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Sam Halloran talks about third year

A day in the life

Sam Halloran talks about third year

Sam Halloran_environmental science_37217 (2)

All the profs I’ve dealt with are really approachable—they just want you to be as excited about their specific subject, like ethics, as they are. I’ve had a really good experience with the profs here.

Getting different perspectives on the environment


From London, Ontario, Sam Halloran originally planned to major in Chemistry or Biology. But then she took the Introduction to Environmental Science class: “I really, really liked it,” she says. “It wasn’t horrible to study for the exams—usually, I find studying tortuous. But I really enjoyed it. And because of that, I ended up doing a lot better in the class. So, I was like, ‘Yeah, I want to do this.’”

The program is interdisciplinary, “like an environmental science program should be,” says Sam. “It’s not just biology or just chemistry—it incorporates everything. And all of the classes have a different perspective. I never would have taken a philosophy class if it wasn’t required—but I absolutely loved it. And it gave me a new perspective on environmental issues.”

In that philosophy class, Environmental Ethics, Sam says “We read about Leopold’s Land Ethic, deep ecology, and ecofeminism—which I’d never heard of in my life,” she smiles. “It was cool getting those different perspectives.”

Her favourite topic was deep ecology. “The founder, Arne Næss, really devoted his whole life to it,” she marvels. At the same time, Sam adds, she was taking an economics class. “There was such a huge contrast between the values of economics and those of deep ecology, especially at first. Eventually, though, you see a resolution between the two views.”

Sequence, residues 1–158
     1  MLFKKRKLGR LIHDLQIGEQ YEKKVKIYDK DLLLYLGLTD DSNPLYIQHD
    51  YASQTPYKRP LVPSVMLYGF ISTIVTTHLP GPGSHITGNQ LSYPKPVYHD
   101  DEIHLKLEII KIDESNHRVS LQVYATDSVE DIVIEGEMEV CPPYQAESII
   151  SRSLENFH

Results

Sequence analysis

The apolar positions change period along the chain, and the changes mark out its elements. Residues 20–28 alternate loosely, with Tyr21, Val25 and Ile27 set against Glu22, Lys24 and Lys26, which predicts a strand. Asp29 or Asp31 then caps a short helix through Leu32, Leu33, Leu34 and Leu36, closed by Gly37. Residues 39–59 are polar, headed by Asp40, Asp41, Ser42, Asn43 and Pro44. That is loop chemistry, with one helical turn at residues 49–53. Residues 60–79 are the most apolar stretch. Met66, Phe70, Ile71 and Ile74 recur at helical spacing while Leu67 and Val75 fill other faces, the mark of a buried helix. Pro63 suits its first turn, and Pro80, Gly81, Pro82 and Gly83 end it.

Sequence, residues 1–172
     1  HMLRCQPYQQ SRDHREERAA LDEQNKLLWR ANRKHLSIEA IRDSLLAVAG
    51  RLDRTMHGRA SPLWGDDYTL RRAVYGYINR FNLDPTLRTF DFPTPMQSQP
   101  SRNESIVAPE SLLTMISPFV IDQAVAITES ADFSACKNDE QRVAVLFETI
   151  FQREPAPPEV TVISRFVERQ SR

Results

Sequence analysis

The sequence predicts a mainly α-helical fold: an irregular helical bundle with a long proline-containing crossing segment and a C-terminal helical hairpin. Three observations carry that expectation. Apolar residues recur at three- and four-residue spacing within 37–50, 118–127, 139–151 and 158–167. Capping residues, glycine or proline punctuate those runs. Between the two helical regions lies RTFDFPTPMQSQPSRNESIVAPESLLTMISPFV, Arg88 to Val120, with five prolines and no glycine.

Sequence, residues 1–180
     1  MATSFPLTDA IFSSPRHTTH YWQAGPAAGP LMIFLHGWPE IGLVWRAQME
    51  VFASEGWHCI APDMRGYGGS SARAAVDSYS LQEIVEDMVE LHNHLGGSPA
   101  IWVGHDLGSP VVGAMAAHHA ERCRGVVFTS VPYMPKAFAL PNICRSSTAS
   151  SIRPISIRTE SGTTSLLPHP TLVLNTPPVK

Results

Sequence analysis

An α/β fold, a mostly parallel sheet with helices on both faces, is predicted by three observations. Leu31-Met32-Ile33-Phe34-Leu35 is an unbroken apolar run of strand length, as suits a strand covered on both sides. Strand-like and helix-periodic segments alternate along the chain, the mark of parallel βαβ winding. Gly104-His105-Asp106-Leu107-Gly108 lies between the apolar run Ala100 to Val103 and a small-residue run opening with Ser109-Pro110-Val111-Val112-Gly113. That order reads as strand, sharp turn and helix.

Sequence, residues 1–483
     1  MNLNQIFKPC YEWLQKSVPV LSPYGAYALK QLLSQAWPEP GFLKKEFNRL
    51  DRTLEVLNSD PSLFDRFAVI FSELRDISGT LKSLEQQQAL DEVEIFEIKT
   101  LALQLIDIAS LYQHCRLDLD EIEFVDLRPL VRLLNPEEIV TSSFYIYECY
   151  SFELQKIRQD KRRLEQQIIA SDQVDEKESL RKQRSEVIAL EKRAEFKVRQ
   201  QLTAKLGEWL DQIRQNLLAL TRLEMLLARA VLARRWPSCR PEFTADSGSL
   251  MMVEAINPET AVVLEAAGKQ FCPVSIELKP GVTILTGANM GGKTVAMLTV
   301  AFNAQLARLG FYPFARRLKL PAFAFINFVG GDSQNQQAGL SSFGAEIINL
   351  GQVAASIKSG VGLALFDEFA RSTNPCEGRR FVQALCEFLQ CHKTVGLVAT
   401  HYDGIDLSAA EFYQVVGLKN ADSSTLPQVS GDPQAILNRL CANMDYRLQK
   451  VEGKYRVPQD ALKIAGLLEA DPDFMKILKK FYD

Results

And she also really enjoyed a class offered through the Biology Department. “Diversity of Life is so interesting,” says Sam, eyes wide. “It’s fascinating to see how some animals are so well adapted to their environments that they haven’t changed in a million years—and how brief our time on Earth has been in comparison. Things like that definitely tie into Environmental Science,” she adds. “We’ll need to figure out ways to adapt to the effects of climate change.”

Next year, she’ll take the honours class and work on a research project related to ecology. And after she graduates? “Right now, my intention is to go to veterinary college. And with this degree, I’m getting the science requirements I need to do that,” she says. “But if don’t get in, I like the idea of working for the government in some capacity—there, you can find ways to reach out to the public and create change. But that’s plan b.”